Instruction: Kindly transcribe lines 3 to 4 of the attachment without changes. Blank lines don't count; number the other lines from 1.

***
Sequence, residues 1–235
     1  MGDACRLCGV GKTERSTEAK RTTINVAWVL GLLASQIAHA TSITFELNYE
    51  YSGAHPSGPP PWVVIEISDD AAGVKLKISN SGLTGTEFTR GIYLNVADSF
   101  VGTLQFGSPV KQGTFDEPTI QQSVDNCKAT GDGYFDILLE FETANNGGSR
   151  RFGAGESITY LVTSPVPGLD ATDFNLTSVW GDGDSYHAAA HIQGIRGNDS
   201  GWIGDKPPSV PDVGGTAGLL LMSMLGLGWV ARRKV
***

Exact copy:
    51  YSGAHPSGPP PWVVIEISDD AAGVKLKISN SGLTGTEFTR GIYLNVADSF
   101  VGTLQFGSPV KQGTFDEPTI QQSVDNCKAT GDGYFDILLE FETANNGGSR